3)      Laundry

You will not want to ever use a washing machine. They are water loving machines that uses tons of water you need. The best way to wash your clothes will be in rivers and ponds. Greatly recommended rivers to do your washing in are: the Liesbeek, Kuilsriver and the Eersterivier. If you have a large amount of clothing that needs washing consider the Bree River and the Orange river. When you do wash your clothing in ponds make sure to use MAQ washing powder. This will not offend the ducks.

TIP! Stubborn stains can be removed by simple beating with a rock. Do not use angular rocks for they will tear your clothing.

4)      Animals

Animals are common in households. They use a significant percentage of water that you need. That is why we have to let go of them. Animals survive perfectly in the wild. They are capable of fending for themselves. Good bye FeeFee. No fish tanks. Leave the fish in the ocean. There is a way to still have animals in your home. i.e.  paste fish in your fish tank or get fake fish. There are also cat and dog teddy bears. If this doesn’t satisfy you, buy a Tamagotchi or alternatively download a virtual pet onto your mobile phone. in this way you can still have your animals without feeding them water. Parents should teach their kids at a tender age that animals are mythical creatures.

Other ways to save water:

Don’t brush your teeth with water. Use miswaak

Swallow medication without water.

More suggestions:

Cry less.

Drink water because you’re dehydrated, not for fun.

Wash your car and windows when its rains.

No swimming pools are allowed.

Come on guys, stand up and do a rain dance!

 

M.E thanks you for reading.

<p>Author <a href=”https://plus.google.com/102128103971030481396” target=”blank” rel=”author”>Jerome Cornelius</a></p>

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Rewind: Ladismith Drought (2015)

I came across this while looking through old emails. This was the first story I wrote with my then mentor. We travelled to Ladismith in the Western Cape to cover the devastating drought, and water shortage there.

Because the Western Cape is going through this current drought, despite occasional rain, I thought the parallels were interesting. Only a few lines were used from my original story, that is copied below in its entirety.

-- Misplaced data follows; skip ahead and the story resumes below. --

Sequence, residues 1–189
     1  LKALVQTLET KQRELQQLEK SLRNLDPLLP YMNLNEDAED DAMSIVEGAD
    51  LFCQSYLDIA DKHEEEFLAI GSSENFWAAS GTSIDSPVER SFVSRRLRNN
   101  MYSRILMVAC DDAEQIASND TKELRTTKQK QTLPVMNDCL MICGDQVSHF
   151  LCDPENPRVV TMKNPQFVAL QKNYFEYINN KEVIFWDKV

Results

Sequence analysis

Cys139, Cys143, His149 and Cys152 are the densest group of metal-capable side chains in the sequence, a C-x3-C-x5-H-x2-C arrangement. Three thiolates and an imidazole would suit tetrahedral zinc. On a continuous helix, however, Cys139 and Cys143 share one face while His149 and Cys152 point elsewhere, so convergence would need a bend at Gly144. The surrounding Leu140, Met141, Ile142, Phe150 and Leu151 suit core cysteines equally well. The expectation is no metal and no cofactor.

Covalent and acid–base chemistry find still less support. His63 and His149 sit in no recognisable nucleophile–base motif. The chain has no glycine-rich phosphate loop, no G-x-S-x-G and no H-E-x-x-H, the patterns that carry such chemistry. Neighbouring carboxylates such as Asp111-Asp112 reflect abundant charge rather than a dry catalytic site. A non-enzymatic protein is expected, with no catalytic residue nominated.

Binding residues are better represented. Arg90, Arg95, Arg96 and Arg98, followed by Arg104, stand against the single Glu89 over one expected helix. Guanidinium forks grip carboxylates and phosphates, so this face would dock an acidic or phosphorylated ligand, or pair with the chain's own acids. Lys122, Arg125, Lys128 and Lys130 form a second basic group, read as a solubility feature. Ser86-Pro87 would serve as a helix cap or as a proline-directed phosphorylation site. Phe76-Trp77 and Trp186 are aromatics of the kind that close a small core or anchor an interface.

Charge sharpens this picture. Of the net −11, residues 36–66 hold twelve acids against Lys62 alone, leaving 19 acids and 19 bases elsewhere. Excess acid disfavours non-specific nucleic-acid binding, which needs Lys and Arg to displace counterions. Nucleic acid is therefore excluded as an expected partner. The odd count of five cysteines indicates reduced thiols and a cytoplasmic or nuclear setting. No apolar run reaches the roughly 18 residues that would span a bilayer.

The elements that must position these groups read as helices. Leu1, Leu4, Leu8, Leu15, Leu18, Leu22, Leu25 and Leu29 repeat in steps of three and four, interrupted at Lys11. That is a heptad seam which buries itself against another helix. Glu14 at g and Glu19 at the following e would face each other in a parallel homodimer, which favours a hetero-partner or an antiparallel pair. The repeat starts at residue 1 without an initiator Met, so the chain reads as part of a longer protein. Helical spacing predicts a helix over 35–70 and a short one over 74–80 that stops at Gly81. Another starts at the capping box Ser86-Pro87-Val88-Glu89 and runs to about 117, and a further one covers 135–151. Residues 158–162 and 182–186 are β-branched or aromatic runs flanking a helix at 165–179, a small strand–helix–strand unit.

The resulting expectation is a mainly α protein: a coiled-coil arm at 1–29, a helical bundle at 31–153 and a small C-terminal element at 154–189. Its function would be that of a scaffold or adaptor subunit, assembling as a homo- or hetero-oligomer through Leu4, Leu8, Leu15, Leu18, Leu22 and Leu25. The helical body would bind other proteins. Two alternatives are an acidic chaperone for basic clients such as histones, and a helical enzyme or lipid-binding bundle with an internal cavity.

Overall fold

The lifeblood of a Karoo town is at stake as administrative bungling could cost Ladismith its water supply. The small town in the Kannaland municipality is used to droughts and dry spells as the concentric circles of the near-dry dams show a dwindling water supply.

However, in-fighting and political manoeuvring could cost the locals their most precious commodity.

Leon Blignault, the technical manager for the municipality, said the town was not out of danger yet. “At this stage we only have 22 days of water left. We have to keep moving the water pump to adjust to the water level”.

In the dam, a sizable pond is visible, however when Blignault points out the markers for how high the water level is allowed to be, the situation becomes clear.  White stones mark a ring around the top of the dam, with the actual water far down below.

Municipal manager Morne Hoogbaard said at present, the town has experienced a water problem for years.

Hoogbaard, the longest serving municipal manager said the time is right for change, as there is “managerial and political stability”.

A new dam is currently under review, and is expected to be completed by December 2016.

“Water Affairs will fund the biggest portion of the R100-million cost, which will subsidise the percentage of poor people, who get free water. We are submitting in March for the final plan,” he said.

“We have equipped two boreholes that will take care of 30% of our needs. We plan on equipping ten boreholes, that will provide 70% of our water,” he said. The cost of the two boreholes is R2-million, but R10-million is needed for all ten, plus an additional R5-million for further exploration in Zoar. He said the situation in Zoar is “equally serious”.

“It is similar in size to households in Ladismith. It is a coloured community with very little industry,  he said.”

He said meetings take place every week as part of a drought management team, with disaster management, water affairs and the municipality.

“It’s not a problem. That’s something that can be solved”